Yoghurt, butter, skin polish: Your guide to new beauty buzzwords – fashion and trends

Alcohol-free yoghurts, butter on the skin, bubbling cleansing powders and living sponges that promise a radiant effect. While bath and body products create new formulas and new ways of marketing, there is confusion in the minds of consumers. Here is your guide to understanding some of the more unusual terms.


Powder formulas flush faster and leave less residue, making them more environmentally friendly. Mix a small amount of powder with a few drops of water to obtain a granular paste. Massage it into a wet face like you’d soap it in. Expect a light coat on the face, but avoid excessive rubbing.


Easier than a lotion, less sticky than a cream, designed for hot, humid days. It is absorbed faster than a normal body lotion, some of which can cause a cooling sensation on the skin. Dry skin may need to be reapplied after a few hours, despite the 48-hour moisture requirement.


Looks like a little vanaspati tub. The skin even melts in the oil when it comes into contact with the skin, but rinses off on contact with water. Cleaning balms are convenient for travelling, because no liquid can be spilled. They are often packed in packs of glycolic acid, tartaric acid and skin-friendly citric acid that help remove surface impurities, clean pores and dissolve dead cell clots.


Think of it as a scrub in your daily shower. Pebbles such as sugar or coffee help to get rid of hard, dry body parts (knees, heels, cellulite and elbows) and work best when massaged into damp skin. Some contain essential oils, shea butter and honey as moisturizers. Sensitive skin types should be treated with caution. Too much rubbing can inflame the skin.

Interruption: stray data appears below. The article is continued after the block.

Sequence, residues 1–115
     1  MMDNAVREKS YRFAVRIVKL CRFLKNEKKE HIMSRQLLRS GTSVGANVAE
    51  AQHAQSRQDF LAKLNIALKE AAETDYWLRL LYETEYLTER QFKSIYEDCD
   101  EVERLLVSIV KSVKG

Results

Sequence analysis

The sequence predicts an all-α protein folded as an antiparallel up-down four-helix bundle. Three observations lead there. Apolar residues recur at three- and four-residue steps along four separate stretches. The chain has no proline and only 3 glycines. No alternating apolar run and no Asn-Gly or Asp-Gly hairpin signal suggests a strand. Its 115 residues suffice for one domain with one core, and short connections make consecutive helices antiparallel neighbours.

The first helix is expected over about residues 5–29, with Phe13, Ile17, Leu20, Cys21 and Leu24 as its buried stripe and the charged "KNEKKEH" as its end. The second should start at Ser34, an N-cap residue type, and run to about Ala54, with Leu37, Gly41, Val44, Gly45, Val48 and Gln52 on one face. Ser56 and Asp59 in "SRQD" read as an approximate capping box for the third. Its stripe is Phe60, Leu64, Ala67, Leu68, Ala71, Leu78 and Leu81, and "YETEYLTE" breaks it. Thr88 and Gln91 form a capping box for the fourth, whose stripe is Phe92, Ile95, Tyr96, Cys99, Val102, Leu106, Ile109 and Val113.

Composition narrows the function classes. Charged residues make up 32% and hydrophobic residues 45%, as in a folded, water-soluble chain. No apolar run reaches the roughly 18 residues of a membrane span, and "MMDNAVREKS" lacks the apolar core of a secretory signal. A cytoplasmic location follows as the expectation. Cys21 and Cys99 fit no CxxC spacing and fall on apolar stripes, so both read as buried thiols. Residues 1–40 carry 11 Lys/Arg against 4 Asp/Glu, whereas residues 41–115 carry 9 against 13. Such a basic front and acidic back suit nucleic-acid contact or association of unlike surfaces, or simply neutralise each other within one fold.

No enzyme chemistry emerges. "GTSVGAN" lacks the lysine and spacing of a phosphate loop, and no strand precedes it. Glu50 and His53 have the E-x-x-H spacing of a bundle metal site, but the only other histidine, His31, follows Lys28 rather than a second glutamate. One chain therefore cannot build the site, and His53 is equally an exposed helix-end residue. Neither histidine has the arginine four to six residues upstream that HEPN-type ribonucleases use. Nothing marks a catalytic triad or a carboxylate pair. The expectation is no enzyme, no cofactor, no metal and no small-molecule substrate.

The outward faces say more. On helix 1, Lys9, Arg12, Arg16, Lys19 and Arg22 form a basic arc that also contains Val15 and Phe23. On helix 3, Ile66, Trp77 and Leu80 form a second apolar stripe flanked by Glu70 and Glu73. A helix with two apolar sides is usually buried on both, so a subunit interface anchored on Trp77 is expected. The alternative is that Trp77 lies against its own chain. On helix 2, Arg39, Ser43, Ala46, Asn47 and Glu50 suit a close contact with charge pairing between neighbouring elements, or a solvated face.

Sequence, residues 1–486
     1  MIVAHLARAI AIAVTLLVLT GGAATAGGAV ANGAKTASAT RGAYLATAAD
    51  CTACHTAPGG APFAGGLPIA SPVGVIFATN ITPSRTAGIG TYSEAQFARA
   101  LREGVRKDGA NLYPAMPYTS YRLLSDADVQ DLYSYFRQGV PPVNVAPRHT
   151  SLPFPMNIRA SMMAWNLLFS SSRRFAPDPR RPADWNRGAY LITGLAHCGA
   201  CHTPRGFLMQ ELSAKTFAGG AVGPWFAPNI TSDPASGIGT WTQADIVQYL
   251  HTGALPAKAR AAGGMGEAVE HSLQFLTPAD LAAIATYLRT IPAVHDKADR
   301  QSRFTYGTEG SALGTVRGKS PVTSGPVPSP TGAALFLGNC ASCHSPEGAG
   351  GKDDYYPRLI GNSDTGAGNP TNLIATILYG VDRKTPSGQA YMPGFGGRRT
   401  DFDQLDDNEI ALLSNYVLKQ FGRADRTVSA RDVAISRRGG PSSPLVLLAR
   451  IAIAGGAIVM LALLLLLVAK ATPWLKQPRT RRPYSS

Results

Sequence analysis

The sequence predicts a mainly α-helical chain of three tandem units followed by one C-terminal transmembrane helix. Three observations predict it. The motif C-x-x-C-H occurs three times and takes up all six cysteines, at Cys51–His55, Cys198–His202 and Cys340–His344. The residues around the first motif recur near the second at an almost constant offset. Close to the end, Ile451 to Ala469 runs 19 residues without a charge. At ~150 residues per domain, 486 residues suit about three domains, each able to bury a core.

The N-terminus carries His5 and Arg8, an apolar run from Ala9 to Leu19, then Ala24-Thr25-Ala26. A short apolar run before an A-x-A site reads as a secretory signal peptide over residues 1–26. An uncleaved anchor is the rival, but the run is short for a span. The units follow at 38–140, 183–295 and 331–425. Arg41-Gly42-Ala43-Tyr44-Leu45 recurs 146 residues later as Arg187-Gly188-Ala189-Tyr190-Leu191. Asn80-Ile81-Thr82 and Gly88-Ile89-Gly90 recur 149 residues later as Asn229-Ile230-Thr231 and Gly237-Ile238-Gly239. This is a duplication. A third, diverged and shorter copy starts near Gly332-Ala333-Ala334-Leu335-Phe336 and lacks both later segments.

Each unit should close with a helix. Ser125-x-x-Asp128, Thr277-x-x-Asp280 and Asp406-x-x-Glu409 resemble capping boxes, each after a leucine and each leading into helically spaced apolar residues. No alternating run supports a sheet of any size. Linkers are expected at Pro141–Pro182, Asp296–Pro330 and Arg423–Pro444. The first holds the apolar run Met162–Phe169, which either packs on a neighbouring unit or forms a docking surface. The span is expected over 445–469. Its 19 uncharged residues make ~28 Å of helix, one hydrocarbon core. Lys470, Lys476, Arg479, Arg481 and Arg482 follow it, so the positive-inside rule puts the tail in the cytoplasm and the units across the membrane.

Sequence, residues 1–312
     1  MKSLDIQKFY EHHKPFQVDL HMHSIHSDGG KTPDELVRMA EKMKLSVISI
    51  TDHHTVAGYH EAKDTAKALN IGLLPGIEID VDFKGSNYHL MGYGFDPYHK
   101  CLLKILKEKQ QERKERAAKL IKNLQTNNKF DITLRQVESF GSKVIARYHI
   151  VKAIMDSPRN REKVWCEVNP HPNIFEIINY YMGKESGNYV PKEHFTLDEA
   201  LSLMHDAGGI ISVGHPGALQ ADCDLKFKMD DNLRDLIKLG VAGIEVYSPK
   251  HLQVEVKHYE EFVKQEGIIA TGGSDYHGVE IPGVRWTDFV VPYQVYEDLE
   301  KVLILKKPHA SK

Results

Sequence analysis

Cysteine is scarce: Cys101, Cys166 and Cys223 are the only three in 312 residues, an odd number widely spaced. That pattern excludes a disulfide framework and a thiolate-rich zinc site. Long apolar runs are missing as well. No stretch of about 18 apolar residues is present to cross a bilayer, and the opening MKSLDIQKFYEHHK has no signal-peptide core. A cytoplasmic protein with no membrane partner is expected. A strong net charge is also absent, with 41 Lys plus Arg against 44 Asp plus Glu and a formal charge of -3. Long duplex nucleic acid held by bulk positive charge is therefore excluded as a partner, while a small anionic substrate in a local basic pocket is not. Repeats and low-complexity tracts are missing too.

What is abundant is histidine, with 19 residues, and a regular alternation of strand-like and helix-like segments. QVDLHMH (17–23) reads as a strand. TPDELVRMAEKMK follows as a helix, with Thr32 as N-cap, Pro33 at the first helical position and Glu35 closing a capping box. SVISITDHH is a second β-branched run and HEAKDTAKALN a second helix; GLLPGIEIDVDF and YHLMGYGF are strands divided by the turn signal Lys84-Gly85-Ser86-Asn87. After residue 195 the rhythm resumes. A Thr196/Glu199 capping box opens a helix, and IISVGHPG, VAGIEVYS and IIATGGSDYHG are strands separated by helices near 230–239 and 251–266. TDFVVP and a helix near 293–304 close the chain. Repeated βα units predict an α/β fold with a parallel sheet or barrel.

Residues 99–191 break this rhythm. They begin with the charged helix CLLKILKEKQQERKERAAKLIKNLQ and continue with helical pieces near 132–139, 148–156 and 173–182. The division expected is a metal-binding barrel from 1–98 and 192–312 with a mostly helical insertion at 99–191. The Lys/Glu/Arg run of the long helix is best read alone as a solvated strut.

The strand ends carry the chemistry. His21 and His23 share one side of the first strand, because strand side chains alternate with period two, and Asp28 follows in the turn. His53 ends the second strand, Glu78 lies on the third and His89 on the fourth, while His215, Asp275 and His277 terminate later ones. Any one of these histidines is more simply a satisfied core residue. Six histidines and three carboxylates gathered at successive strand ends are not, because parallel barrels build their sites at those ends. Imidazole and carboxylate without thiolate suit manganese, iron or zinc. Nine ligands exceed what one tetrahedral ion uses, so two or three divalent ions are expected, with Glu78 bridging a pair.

Imagine: a whipped bath soap in a creamy texture. They are mild at pH values between 5 and 5.5 and form a pleasant foam, so that they can also be used as shaving foam. The oil’s formula is designed to keep the skin soft. But maybe that’s why they need more time to get away.


Face sponge for deep cleansing. It is made from the antimicrobial fibers in the roots of the cognac plant and is often updated with popular ingredients such as aloe vera, charcoal and matches. To use it, absorb water and gently massage the skin. It combines your cleaning and peeling procedures and saves you time and space on a shelf or in a suitcase. The sponge is also biodegradable.


Whatever is advertised, it is best to check the list of ingredients, especially if you have sensitive skin or are prone to allergies. Alpha-hydroxy acids such as glycolic acid and tartaric acid can irritate sensitive skis, said Sachin Dhavan, senior dermatology consultant at Fortis Hospital. They are very effective in cleansing dead skin cells. Pay attention to the acidity of the product. Everywhere 2 to 5% is the right amount.

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